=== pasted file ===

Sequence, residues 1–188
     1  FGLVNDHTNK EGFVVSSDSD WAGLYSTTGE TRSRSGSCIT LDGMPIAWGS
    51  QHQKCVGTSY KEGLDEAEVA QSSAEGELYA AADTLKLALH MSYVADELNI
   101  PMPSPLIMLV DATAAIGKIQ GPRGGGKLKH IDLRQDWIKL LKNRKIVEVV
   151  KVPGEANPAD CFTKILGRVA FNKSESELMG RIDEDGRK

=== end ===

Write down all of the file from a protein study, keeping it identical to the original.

Sequence, residues 1–188
     1  FGLVNDHTNK EGFVVSSDSD WAGLYSTTGE TRSRSGSCIT LDGMPIAWGS
    51  QHQKCVGTSY KEGLDEAEVA QSSAEGELYA AADTLKLALH MSYVADELNI
   101  PMPSPLIMLV DATAAIGKIQ GPRGGGKLKH IDLRQDWIKL LKNRKIVEVV
   151  KVPGEANPAD CFTKILGRVA FNKSESELMG RIDEDGRK